Zurich researchers have developed a new kind of sensor that can immediately gauge whether a person is suffering from type 1 diabetes upon coming into contact with their breath.
Acetone is also found in a healthy person’s breath, but the concentration is only about 900 ppb (particles per billion); in people suffering from type 1 diabetes, however, the concentration is double that; and in the case of a ketoacidosis it can be even higher. That’s why the sensor developed at ETH Zurich works so well: it can detect as few as 20 ppb of acetone and even works at extremely high humidity levels of over 90 percent – like in the human breath.
Sotiris Pratsinis, professor of particle technology at the Institute of Process Engineering, and his team showcased the novel sensor on May 1 in the journal Analytical Chemistry of the American Chemical Society. They used a substrate with gold electrodes for the sensor and coated it with an ultra-thin semiconductor film made of nanoparticles. These particles consisted of tungsten oxide mixed with silicon, thus greatly improving the sensitivity of the sensor. The mixture is produced in a flame at a temperature of over 2200° C; the nanoparticles rise in a greenish-yellow cloud and are collected on the carrier substrate, which the researchers then cool with water. Through this rapid heating and cooling, a vitreous semiconductor layer forms on the electrodes stably capturing.the metastable crystalline phase of epsilon tungsten oxide that resonates with acetone giving its required high selectivity for undisputable detection of acetone vapor in the human breath.
Using high-resolution electron microscopes, the researchers observed that the deposited material exhibited an unusual spongy structure. The acetone molecules get caught up in the pores and begin to react with the tungsten oxide; if the breath contains relatively high acetone concentrations (> 1800 ppm), the electrical resistance of the material drops drastically and thus more electricity flows between the electrodes generating a correspondingly strong signal. For lower concentrations of acetone, on the other hand, the resistance drops significantly less.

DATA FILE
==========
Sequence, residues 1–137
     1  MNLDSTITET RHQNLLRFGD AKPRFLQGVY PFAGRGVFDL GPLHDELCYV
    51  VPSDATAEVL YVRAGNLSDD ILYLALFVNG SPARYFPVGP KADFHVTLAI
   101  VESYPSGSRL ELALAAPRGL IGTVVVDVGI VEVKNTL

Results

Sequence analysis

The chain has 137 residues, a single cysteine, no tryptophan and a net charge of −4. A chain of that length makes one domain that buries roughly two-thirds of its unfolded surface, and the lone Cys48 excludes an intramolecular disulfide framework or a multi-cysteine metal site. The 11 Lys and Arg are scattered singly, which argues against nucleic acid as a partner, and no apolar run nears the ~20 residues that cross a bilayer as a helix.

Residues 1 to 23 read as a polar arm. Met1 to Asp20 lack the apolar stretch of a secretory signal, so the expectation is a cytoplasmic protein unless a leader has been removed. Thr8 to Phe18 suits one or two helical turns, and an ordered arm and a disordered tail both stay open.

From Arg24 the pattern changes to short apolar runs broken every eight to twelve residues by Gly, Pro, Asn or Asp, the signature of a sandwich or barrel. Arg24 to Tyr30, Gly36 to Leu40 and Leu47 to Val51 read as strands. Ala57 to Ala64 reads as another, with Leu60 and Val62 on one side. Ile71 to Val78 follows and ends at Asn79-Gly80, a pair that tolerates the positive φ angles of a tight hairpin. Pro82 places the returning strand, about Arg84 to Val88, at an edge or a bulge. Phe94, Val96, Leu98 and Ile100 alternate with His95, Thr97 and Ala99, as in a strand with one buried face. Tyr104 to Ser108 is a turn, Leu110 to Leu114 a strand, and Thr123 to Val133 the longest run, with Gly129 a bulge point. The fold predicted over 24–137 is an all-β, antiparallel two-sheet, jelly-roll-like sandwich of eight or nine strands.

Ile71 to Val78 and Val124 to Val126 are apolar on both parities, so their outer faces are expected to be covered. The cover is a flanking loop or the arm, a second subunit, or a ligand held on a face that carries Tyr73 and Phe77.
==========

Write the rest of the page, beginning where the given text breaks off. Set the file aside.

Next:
In the future, ETH-Zurich professor Sotiris Pratsinis also hopes to develop materials that would be able to detect other chronic illnesses by breath analysis using such sensors. As far as diabetes sufferers are concerned, a handy, easy-to-use device would make a huge difference; it would mean they could make their own quick and easy diagnoses instead of taking blood samples to measure the blood sugar level, as they have had to do up to now, making the irksome daily finger-pricks a thing of the past. Sensors like this could also be put to good use in hospital emergency rooms, where it would provide a fuss-free method of establishing whether a patient has suffered a diabetic ketoacidosis.
The sensor is just a prototype for now; however, Pratsinis is currently on the lookout for a partner from medicine to turn it into a measuring device for everyday use.
Non-invasive methods to diagnose illnesses are becoming increasingly important and being fast, cheap and easy to use breath analysis is a key aspect in lowering the spiraling medical costs. The breath mainly consists of a mixture of nitrogen, oxygen, carbon dioxide and water, along with over 1,000 volatile substances that are only present in very small concentrations; these also include volatile organic compounds produced by the body itself. Some are typical for particular illnesses and serve as markers – like acetone for type-1 diabetes.
The project was made possible by highly motivated associates, Marco Righettoni, PhD student, and Dr. Antonio Tricoli of the Particle Technology Laboratory at the Department of Mechanical and Process Engineering that were funded by the Swiss National Science Foundation, European Space Agency and CCMX-NANCER. Antonio Tricoli was nominated for the Material Research Prize 2010, which will be awarded at the MRC Graduate Symposium on May 10.
Source: ETH Zurich, May 6, 2010
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